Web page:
Given the media’s reputation for self-absorption, it’s remarkable how little attention the press has paid to the crackdown on journalists during September’s Republican National Convention. While the exact tally varies from source to source, it seems that close to 50 journalists were detained or arrested in St. Paul (out of approximately 800 arrests total) while covering protests outside the convention. Some of them were treated gently and released quickly, but others were held at length or roughed up by the police. What’s more, a pre-convention raid on a St. Paul home targeted members of I-Witness Video, a New York group whose work exonerated hundreds of protesters following the 2004 RNC. And while St. Paul city attorney John Choi announced, on September 19, that many cases against journalists wouldn’t be pursued — in particular, those involving the possible misdemeanor count of presence at an unlawful assembly — these decisions are being made on a case-by-case basis and are far from complete.
‘WELL-CONNECTED’: After taking the photo above, of a conflict between law enforcement and RNC protesters, Associated Press photographer Matt Rourke was himself tackled and bloodied by police. He was arrested and held for 10 hours, then released without being charged.
Oddly, though, the jeopardy that journalists faced in St. Paul never became much of a story. There wasn’t a news blackout, exactly: the Associated Press (AP) and the local Minnesota media covered the issue, as did left-leaning outlets like the Nation and Salon, and national heavyweights like ABC News and the Washington Post gave it some early, blog-based coverage.
The problem, instead, is that the story was ignored or minimized by other important organizations — the New York Times being the most prominent example — and, as the weeks progressed, never seemed to generate any sort of sustained concern inside the media itself, the efforts of groups like the Society for Professional Journalists notwithstanding. In the words of Mark Jurkowitz, associate director of the Pew Research Center’s Project for Excellence in Journalism, “It never really got into the conversation at a level where it had an impact.”
What’s especially strange about this is that the activity that got these journalists into trouble — monitoring the exercise of government power — is one of the most important things the fourth estate does. So why the muted response to their plight?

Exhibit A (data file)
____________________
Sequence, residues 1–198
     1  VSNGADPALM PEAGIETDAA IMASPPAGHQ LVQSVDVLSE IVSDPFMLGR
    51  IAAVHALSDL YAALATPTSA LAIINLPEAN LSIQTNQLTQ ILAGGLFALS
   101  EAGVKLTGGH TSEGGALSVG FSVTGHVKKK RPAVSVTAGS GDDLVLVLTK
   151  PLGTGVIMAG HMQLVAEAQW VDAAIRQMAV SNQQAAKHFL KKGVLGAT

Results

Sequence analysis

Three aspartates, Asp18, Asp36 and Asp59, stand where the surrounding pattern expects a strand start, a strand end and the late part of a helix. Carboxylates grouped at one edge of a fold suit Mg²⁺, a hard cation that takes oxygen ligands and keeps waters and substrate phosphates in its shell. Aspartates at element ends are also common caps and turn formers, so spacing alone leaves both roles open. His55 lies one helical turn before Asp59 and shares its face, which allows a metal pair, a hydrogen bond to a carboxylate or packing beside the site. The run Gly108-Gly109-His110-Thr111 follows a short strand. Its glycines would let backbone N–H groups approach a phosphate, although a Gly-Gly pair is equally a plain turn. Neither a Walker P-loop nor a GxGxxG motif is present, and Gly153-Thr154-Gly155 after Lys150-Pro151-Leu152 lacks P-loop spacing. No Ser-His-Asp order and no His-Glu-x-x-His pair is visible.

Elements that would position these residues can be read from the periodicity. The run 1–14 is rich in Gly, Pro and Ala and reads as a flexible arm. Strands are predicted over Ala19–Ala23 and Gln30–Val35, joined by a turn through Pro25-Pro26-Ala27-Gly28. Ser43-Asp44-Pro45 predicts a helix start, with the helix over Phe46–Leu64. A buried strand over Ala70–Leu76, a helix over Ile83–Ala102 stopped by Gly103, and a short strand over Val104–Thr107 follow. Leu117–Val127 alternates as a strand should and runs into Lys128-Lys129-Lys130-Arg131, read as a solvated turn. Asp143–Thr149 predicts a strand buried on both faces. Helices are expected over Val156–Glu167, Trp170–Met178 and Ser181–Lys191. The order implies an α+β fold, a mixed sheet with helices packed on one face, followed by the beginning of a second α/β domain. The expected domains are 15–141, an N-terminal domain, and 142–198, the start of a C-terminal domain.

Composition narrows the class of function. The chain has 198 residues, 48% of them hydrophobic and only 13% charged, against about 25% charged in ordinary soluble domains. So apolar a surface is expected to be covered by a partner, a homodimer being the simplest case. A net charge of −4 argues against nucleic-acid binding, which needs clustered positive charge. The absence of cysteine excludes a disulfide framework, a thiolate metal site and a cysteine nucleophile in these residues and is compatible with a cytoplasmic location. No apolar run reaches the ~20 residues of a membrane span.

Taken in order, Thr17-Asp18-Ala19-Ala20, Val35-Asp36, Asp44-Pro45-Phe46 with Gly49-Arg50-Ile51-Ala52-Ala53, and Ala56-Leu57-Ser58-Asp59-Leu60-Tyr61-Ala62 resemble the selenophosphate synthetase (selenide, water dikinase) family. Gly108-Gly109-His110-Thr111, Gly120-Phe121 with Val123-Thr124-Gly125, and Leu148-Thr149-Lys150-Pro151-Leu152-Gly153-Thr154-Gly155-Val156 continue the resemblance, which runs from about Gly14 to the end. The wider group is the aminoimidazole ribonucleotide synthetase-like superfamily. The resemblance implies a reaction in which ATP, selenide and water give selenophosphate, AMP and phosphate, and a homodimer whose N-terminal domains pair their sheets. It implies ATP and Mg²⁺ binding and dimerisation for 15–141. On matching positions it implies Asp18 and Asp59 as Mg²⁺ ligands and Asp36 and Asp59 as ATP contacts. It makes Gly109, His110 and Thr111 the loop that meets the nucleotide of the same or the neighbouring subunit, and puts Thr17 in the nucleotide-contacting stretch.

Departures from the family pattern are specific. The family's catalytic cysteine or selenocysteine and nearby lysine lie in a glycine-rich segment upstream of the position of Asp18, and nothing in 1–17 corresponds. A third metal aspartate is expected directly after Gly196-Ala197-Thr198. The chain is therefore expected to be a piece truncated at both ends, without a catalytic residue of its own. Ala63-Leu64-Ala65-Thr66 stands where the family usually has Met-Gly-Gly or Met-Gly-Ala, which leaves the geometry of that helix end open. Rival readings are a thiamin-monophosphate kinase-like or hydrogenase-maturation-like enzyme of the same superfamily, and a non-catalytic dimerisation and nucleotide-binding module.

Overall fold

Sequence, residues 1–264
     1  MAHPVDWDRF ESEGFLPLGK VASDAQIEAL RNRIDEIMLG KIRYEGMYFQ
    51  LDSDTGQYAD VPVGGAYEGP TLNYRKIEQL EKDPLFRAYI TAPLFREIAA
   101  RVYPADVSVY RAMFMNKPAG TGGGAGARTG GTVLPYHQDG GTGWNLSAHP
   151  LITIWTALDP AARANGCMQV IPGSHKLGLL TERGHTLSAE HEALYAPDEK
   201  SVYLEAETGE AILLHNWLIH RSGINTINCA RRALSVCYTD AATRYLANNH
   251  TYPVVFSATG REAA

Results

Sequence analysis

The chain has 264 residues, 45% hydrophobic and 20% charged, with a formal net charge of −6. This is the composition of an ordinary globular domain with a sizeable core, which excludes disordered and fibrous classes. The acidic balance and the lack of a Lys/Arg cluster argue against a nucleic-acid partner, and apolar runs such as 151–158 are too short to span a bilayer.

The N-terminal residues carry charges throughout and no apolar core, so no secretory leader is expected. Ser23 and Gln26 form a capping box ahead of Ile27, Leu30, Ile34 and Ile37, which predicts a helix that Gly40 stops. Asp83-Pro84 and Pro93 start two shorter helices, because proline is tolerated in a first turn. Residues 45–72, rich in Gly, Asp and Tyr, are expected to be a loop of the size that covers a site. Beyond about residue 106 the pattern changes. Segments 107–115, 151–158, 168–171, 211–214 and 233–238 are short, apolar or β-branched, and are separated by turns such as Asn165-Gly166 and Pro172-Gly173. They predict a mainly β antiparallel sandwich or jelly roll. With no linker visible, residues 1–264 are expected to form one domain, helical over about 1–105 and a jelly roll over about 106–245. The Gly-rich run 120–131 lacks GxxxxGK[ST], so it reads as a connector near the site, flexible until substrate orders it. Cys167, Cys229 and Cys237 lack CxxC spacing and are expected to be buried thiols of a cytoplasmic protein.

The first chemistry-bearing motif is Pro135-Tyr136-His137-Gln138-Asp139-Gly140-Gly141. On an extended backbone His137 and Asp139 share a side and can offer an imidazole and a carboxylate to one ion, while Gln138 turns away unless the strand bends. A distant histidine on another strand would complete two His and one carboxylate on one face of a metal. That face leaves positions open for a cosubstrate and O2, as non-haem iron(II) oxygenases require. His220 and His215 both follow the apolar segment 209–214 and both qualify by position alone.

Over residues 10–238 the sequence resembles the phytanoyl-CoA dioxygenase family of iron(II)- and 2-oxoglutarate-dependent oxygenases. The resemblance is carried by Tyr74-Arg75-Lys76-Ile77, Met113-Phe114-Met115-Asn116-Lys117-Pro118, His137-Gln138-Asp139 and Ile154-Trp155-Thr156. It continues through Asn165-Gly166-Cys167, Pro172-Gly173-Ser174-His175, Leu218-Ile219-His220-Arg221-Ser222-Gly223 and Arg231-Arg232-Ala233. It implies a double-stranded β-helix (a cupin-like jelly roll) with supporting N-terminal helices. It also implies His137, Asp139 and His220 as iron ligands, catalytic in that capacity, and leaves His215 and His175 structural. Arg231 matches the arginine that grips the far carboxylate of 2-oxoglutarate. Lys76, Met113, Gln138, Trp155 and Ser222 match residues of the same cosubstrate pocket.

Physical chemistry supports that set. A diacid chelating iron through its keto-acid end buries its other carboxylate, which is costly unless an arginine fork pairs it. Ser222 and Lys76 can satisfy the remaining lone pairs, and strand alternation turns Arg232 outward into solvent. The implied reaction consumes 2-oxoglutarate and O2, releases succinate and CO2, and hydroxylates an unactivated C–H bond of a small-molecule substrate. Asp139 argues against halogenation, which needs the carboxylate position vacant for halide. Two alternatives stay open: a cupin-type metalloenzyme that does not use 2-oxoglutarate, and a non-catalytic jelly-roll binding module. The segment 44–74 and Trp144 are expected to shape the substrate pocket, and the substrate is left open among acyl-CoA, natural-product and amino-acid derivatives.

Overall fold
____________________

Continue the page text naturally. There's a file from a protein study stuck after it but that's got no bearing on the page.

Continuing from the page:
A bridge, too far?
One answer, obviously, is that it’s been kind of a busy month. Think of the other stories that have been kicking around since the first journalists were arrested on September 1, the RNC’s opening day: Hurricane Gustav, Sarah Palin’s debut, McCain’s acceptance speech and post-convention bump, the sequestering of Palin, her subsequent public implosion, the Wall Street meltdown, McCain’s one-day suspension of his campaign, the first presidential debate, Obama regaining front-runner status. Oh yeah, and Hurricane Ike.
There’s also the Amy Goodman Effect to consider. Goodman, the host of the independent radio and TV program Democracy Now!, was arrested on September 1, after trying to reach two of her producers — Nicole Salazar and Sharif Abdel Kouddous — who’d been arrested and injured while covering a clash between police and protesters. Goodman’s arrest in particular quickly became a cause célèbre on the left, thanks largely to an arrest video that was posted on democracynow.org and became YouTube’s most-watched video on September 1 and 2.
In retrospect, though, Goodman’s status as the RNC’s designated media martyr may actually have deterred further coverage. “Amy Goodman and her colleagues aren’t considered part of the fraternity,” notes Eric Alterman, the Nation media critic and author of What Liberal Media? The Truth About Bias and the News. “They’re actually enormously resented by many journalists, and with good reason: they treat the mainstream media as if it’s part of a corporate conspiracy to keep people from knowing the truth. There’s not the sense of affinity there. They’re viewed more as activists than as journalists in the minds of many.”
In addition, some observers question the wisdom of Goodman’s actions in St. Paul. The day after her arrest, Goodman told the Phoenix that she’d been arrested without warning after attempting to get to Salazar and Kouddous. But the video of her arrest is more ambiguous. Goodman approaches a cop in full riot gear and tries to explain her intent. He tells her three times, quickly, to go back to the sidewalk. When she doesn’t, he attempts to push her toward the sidewalk; as he does, she protests that she’s got full convention credentials. He keeps pushing; she keeps protesting; then he tells his colleagues to arrest her.
Did Goodman go too far? Lucy Dalglish — the executive director of the Reporters Committee for Freedom of the Press, which maintained a legal hotline for detained journalists during the RNC — seems to think so. “She went up there and got in the cop’s face,” says Dalglish. “I’m not surprised she was arrested.” (Goodman and her producers no longer face charges.)